Inspiring People

Trace Gaynor and Stephen Sotor

Recently, I discovered something that I think I should share. I discovered a story about two 13 year old boys, Trace Gaynor and Stephen Sotor, who live in Chicago and decided to make a film about -

choices and about being responsible. Their film is about consequences and hope; about compassion and better days because it is about considering life beyond what works for you, personally.

The film is called Genie in a Bottle: Unleashed and -

I am inspired.

My hope is that, if it makes a difference with you, it can make a difference worldwide.

Please take a moment to watch what these inspiring and remarkable 13 year olds have to contribute.

Take a moment to watch Genie in a Bottle: Unleashed

From the Web:

Genie in a Bottle: Unleashed

It is a short 16-minute film telling the story of the Manhattan Project, in memory of the 60th anniversary of the Hiroshima and Nagasaki Bombs in August 2005.

The film is made by kids for kids to understand how and why the bomb was dropped and the impact the bomb had on, not only the victims of the bombings, but the scientists who created it. Stephen and Trace want their audience to remember the film and to understand the history and tragedy of nuclear weapons. The film was not a school project but a film they did on their own because they felt the story needed to be told.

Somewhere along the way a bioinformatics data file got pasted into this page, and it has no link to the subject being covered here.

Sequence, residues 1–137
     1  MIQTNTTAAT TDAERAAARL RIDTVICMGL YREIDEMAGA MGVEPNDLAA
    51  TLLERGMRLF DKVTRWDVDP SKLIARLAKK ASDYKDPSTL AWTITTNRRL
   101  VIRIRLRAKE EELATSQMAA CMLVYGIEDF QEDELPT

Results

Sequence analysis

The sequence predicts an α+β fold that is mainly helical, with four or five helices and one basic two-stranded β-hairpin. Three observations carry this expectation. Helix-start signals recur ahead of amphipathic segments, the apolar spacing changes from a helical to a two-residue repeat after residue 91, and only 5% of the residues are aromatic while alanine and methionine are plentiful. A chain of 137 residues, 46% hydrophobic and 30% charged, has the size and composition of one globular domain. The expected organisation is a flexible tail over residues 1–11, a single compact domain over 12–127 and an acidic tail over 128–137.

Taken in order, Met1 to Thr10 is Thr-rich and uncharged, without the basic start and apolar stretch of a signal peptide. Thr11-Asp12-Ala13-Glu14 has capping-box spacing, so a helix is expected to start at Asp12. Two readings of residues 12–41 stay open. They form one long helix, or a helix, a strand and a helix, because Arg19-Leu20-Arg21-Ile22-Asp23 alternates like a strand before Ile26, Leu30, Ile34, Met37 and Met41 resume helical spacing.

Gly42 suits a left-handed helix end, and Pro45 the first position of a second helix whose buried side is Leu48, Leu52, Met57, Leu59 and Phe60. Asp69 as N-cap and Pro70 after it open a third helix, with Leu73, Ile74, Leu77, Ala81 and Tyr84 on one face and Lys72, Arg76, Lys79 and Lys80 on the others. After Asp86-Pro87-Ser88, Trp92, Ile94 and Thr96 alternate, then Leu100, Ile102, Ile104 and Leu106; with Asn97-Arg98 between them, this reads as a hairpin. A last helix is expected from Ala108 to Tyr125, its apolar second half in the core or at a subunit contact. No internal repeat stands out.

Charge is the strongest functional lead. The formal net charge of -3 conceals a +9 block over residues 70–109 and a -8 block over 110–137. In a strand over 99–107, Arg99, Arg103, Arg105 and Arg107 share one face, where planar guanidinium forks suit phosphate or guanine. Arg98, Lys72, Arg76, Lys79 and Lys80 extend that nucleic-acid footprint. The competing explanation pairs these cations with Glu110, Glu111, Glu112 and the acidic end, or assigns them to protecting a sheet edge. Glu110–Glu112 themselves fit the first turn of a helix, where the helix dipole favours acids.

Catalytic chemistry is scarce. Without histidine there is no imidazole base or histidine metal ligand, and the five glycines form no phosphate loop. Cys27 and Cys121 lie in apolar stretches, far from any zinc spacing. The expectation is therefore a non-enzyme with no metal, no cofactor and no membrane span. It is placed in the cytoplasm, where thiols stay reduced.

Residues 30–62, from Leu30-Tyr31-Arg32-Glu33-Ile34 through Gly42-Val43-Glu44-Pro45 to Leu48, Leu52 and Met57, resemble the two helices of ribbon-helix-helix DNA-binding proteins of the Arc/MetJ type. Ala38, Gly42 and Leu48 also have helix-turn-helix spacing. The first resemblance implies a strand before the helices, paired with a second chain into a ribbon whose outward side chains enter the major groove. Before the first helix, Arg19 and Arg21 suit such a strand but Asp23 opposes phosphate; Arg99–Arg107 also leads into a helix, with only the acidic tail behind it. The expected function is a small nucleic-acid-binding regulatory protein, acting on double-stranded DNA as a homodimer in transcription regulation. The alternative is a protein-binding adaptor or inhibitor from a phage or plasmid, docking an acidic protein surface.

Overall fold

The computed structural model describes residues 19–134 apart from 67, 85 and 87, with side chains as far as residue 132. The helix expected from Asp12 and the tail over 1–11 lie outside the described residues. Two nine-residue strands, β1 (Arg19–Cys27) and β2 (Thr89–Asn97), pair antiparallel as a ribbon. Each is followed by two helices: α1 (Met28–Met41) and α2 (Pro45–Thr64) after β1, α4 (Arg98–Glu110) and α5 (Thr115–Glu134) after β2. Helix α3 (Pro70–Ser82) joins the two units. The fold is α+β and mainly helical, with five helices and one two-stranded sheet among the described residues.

Click here to read Liberty Suburban Chicago Newspaper's article on Trace Gaynor and Stephen Sotor.

The boys have interviewed the following people:

  • Martyl, artist for the Doomsday Clock and widow of Alex Langsdorf Manhattan Project physicists.
  • Al Wattenberg - University of Chicago physicist who worked with Enrico Fermi on the first nuclear reaction in 1942 and the Manhattan Project.
  • Leon Lederman- Nobel Prize Physicist and former director of Fermi Labs.
  • Stephen Schwartz - Executive Director of Bulletin of the Atomic Scientist.
  • Mayor Akiba of Hiroshima.
  • The Genie, who is currently contained at 860 Lake Shore Drive Chicago.
  • Sagawa Ikumi- from Hiroshima, 7th grader, Nobori-cho Junior High and Sadako Peace Day footage

The boys were fascinated by the story of the Manhattan Project; spies, secrecy, bombs and Chicago's involvement.

Both boys directed the film. Stephen does camera and Trace interviews and composes all the background music.

The film was shown at the United Nations May 13th, 2005.

Click here to visit Stephen Trace Films
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